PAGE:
Requirements engineering
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REQUIREMENTS ENGINEERING. What is a requirement?. Descriptions of the services provided by the system and its operational constraints. Reflects the needs of customers for a system. May be… A high level, abstract statement of a service that the system should provide A constraint on the system

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REQUIREMENTS ENGINEERING

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Requirements engineering

REQUIREMENTSENGINEERING


What is a requirement

What is a requirement?

  • Descriptions of the services provided by the system and its operational constraints.

  • Reflects the needs of customers for a system.

  • May be…

    • A high level, abstract statement of a service that the system should provide

    • A constraint on the system

    • A detailed formal definiton of a system function.


Requirements engineering1

Requirements engineering

  • The process of finding out, analysing, documenting and checking these services and constraints.


Types of requirements

Types of requirements

  • User requirements:

    • high-level abstract requirements

    • Statements of what services the system is expected to provide and the constraints under which it must operate.

  • System requirements:

    • The detailed description of what the system should do

    • Set out the system’s func., services and operational constraints in detail.


Types of requirements cont

Types of requirements cont.

  • User requirements may be expanded into several system requirements by adding detail, explaining the services and functions.

  • Requirements should be written at different levels of detail because of different readers.


Functional and nonfunctional requirements

Functional and nonfunctional requirements

  • Functional requirements

    • Statements of services the system should provide, how the system should react to particular inputs and how the system should behave in particular situations.

  • Non-functional requirements

    • constraints on the services or functions offered by the system such as timing constraints, constraints on the development process, standards, etc.

  • Domain requirements

    • Requirements that come from the application domain of the system and that reflect characteristics of that domain.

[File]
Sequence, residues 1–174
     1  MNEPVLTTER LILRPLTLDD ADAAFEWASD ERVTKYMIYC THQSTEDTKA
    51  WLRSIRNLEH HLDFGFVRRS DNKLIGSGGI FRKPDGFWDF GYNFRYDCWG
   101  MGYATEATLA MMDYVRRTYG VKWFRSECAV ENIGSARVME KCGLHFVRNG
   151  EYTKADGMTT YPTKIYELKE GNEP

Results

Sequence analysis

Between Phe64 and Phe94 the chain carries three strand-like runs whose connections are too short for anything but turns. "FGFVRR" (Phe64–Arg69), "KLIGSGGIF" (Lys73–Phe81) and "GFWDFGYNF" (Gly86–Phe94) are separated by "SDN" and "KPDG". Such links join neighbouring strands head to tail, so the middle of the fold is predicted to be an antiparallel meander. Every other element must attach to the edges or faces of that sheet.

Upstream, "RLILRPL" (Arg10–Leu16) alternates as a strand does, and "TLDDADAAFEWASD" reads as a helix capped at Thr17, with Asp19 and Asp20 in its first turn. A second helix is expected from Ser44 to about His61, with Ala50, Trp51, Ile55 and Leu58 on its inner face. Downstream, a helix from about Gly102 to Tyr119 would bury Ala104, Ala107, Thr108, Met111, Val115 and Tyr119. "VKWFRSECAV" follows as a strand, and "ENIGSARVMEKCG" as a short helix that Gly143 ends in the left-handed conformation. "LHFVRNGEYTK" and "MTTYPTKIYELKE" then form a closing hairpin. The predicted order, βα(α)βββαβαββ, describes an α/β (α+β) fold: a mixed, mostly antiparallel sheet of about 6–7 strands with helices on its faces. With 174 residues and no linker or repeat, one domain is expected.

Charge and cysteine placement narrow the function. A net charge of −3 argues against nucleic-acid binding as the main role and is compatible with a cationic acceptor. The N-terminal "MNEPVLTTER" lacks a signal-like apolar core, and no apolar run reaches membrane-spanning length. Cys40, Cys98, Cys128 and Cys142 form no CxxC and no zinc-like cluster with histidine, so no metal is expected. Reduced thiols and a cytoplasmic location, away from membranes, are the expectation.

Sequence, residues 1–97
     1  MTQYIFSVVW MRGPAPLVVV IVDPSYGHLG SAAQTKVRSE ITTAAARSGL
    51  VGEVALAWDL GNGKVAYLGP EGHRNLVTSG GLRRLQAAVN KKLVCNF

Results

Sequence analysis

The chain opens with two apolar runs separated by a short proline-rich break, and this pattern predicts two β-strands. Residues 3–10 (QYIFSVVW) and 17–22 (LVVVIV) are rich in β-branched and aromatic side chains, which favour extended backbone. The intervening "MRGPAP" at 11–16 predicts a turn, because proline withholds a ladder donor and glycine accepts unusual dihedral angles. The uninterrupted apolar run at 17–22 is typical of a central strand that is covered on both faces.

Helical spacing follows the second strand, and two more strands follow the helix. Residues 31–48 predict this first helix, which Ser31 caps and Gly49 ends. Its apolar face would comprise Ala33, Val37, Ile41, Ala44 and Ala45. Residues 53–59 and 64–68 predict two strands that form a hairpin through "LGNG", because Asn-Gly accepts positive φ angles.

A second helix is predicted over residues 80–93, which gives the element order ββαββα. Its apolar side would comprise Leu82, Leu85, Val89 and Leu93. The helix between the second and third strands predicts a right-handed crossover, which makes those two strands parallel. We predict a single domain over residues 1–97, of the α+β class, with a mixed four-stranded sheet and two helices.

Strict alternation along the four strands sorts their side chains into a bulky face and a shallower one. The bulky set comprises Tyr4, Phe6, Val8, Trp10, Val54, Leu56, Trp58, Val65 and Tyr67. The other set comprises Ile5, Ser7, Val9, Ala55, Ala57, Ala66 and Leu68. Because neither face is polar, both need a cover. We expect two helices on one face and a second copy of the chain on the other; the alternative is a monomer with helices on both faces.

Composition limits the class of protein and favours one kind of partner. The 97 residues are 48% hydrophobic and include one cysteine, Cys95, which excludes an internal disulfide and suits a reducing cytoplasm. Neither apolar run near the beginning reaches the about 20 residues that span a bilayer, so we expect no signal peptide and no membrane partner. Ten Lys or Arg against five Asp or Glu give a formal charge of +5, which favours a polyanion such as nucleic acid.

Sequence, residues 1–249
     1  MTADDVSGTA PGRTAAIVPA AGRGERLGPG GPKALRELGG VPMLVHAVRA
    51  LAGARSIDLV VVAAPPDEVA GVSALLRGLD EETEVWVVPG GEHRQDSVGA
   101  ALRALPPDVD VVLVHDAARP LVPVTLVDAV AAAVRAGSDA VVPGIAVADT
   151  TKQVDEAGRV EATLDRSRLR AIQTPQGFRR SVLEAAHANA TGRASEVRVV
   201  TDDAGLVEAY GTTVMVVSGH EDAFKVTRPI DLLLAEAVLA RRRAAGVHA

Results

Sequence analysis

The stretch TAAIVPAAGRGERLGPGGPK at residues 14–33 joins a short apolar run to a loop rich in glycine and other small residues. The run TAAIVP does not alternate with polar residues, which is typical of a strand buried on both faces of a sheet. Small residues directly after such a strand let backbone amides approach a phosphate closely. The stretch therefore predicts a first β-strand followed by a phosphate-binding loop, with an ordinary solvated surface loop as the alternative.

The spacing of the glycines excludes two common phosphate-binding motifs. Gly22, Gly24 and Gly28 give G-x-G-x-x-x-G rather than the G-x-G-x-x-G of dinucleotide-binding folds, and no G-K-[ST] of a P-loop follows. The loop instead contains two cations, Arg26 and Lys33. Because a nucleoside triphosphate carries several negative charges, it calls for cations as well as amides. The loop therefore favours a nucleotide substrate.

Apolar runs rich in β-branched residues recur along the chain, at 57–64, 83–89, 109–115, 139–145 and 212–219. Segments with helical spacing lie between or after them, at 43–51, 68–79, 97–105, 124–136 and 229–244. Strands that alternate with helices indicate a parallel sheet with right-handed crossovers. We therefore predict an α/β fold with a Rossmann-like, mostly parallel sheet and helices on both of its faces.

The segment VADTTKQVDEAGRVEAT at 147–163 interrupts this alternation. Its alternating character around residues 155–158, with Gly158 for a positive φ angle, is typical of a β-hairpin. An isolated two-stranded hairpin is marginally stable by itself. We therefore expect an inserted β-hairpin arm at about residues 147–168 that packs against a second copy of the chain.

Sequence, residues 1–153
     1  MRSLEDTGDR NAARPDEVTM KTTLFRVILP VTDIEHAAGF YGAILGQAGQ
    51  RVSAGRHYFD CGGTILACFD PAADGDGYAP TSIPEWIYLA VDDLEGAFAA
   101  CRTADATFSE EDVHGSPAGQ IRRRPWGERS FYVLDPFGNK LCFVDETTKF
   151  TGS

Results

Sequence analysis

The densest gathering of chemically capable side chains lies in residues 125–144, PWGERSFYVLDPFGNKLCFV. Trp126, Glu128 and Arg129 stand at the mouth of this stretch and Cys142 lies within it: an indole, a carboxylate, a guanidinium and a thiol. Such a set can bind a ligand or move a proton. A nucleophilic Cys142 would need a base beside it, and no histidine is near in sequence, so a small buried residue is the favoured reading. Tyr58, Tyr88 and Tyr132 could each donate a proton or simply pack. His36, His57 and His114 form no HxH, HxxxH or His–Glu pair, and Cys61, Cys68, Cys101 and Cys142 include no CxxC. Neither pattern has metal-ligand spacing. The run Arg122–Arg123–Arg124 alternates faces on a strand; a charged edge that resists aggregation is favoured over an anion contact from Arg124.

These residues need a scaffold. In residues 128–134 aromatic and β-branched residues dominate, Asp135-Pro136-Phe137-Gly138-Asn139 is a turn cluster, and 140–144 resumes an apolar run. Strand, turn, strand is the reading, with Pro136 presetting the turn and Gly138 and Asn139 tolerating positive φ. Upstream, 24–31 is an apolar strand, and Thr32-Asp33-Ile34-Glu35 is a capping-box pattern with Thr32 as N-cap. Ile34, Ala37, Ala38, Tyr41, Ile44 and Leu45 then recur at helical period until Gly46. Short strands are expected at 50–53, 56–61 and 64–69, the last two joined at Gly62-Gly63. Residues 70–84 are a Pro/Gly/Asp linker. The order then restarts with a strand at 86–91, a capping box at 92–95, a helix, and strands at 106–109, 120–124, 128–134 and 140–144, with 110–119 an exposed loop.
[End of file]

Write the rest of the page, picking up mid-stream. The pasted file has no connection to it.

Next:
Functional requirements

Functional requirements

  • Describe the system function in detail, its input and outputs, exceptions etc.

  • Depends on…

    • The type of software

    • The expected users of the software

  • The specification of the functional requirements should be complete and consistent.


Nonfunctional requirements

Nonfunctional requirements

  • May relate to reliability, response time and store occupancy.

  • Constraints are I/O device capability, system representations, etc.

  • May specify performance security and availability. So more critical than individual functional requirements.

  • Failing to meet can mean the whole system is unusable.


Types of nonfunctional requirements

Types of nonfunctional requirements

  • Product req. Specify product behavior

    • Performance, reliability, portability, usability

  • Organisational req.

    • Process standards, implementation, delivery

  • External req.

    • Interoperability, legislative, ethical


Examples

Examples

  • Functional requirement:

    • “The customer must place an order within two minutes of registering.”

  • Nonfunctional requirement:

    • “The customer must be able to access their account 24 hours a day, seven days a week.”


Domain requirements

Domain requirements

  • Derived from the application domain and describe system characteristics and features that reflect the domain.

  • Domain requirements maybe new functional requirements, constraints on existing requirements or define specific computations.

  • If domain requirements are not satisfied, the system may be unworkable.


Domain requirements example

Domain requirementsexample

  • Tolerance level of landing gear on an aircraft (different on dirt, asphalt, water), or what happens to fiber optics line in case of sever weather during winter Olympics (Only domain-area experts know)


Domain requirements problems

Domain requirements problems

  • Understandability

    • Requirements are expressed in the language of the application domain;

    • This is often not understood by software engineers developing the system.

  • Implicitness

    • Domain specialists understand the area so well that they do not think of making the domain requirements explicit.